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Learning in third space : the nature of non-formal learning opportunities afforded to e-learning leaders in the workplace

Anagnostopoulou, K (2014) Learning in third space : the nature of non-formal learning opportunities afforded to e-learning leaders in the workplace. PhD thesis, UCL, Institute of Education.

Abstract

Institutional initiatives set up to meet the demands of a fast changing higher education (HE) landscape do not comfortably sit within a single academic or administrative department but instead require blended professionals, with a mixed portfolio of work, to operate in third space – between the administrative and academic domains of institutions (Whitchurch, 2008). Heads of e-Learning (HeLs) in UK HE institutions are one such group of professionals who lead the enhancement of learning and teaching through the use of technology. However, one must question how HeLs continue to learn and develop in their roles as transformational leaders to meet the continuous demands posed by the ever-changing HE environment and the evolution of technology. This research explored the affordances of third space as a learning environment, questioned how learning and leadership development take place through non-formal workplace experiences, and sought to relate these back to HeLs’ perceived developmental needs. The concept of liminality (van Gennep, 1960; Turner, 1969) was employed as a theoretical framework, learning was conceptualised as socially constructed identity formation and leadership development was deemed to be a result of learning. A mixed methodological approach was employed and a unique analytical framework shed light on data derived from nine in-depth interviews. Third space environments were found to be ‘expansive’ (Evans et al., 2006), with qualities which afforded transformational learning experiences that permanently altered the ways in which one understands the world around them. Liminal conditions in third space environments provided a means of reconciling a leader’s espoused theories and their theories-in-use, whilst leadership development was linked to learner readiness and the development of credibility. Underpinned by participatory practices, the theory of ‘possible selves’ (Ibarra, 2004) offered a means of understanding transformational learning and development in third space, and brought the concept of leadership closer to active citizenship.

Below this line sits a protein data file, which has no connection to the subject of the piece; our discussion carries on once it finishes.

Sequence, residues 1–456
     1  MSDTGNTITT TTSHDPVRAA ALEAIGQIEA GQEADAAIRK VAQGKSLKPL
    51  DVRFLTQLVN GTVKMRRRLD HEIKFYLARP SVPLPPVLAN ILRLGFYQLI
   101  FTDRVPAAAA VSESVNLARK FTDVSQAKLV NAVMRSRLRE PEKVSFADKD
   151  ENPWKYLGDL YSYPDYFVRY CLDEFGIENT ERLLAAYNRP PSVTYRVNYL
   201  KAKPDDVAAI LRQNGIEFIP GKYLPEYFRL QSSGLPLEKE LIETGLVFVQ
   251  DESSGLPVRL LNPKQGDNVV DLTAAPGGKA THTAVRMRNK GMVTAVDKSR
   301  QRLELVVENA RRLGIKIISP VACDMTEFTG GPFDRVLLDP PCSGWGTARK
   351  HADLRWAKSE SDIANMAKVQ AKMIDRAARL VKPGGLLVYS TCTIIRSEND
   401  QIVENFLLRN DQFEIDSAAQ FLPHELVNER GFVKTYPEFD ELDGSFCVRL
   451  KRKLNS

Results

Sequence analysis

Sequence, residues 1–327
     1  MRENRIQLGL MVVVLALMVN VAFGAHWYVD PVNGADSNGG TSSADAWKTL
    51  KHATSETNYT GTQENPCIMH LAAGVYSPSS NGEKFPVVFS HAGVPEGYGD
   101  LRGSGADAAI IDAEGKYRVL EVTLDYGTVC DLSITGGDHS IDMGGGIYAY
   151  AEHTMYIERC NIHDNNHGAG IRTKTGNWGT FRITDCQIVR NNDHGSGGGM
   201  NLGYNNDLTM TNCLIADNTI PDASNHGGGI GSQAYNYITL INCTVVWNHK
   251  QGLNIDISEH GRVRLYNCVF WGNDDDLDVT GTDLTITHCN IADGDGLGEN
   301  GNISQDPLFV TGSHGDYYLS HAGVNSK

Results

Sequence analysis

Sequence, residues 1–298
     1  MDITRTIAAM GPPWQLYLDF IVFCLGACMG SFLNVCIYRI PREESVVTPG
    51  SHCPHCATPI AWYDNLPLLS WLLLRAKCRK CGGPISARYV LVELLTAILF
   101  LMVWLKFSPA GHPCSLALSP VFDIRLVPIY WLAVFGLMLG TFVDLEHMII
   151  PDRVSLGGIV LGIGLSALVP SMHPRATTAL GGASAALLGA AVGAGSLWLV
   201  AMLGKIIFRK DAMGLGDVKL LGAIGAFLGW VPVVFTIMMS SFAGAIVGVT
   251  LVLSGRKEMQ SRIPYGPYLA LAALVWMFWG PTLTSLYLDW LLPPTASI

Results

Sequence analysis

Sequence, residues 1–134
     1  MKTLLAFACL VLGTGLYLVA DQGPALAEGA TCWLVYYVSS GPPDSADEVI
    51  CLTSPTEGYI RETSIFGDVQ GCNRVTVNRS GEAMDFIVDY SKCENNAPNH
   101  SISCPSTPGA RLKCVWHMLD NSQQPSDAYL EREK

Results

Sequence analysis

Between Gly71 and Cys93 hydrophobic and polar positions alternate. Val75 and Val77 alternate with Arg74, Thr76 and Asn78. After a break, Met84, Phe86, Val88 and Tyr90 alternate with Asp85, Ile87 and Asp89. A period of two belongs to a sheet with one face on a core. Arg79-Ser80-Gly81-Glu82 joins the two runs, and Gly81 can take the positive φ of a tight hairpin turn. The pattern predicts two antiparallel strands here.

Item Type: Thesis (PhD)
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Keywords: mixed methods, interviews, questionnaires and surveys, e-learning, leadership development, work based learning, informal learning, third space, liminality, transformational learning, identity
Divisions: Institute for Education
Date Deposited: 23 Dec 2016 13:06
Last Modified: 23 Dec 2016 13:06
URI: http://researchspace.bathspa.ac.uk/id/eprint/8772
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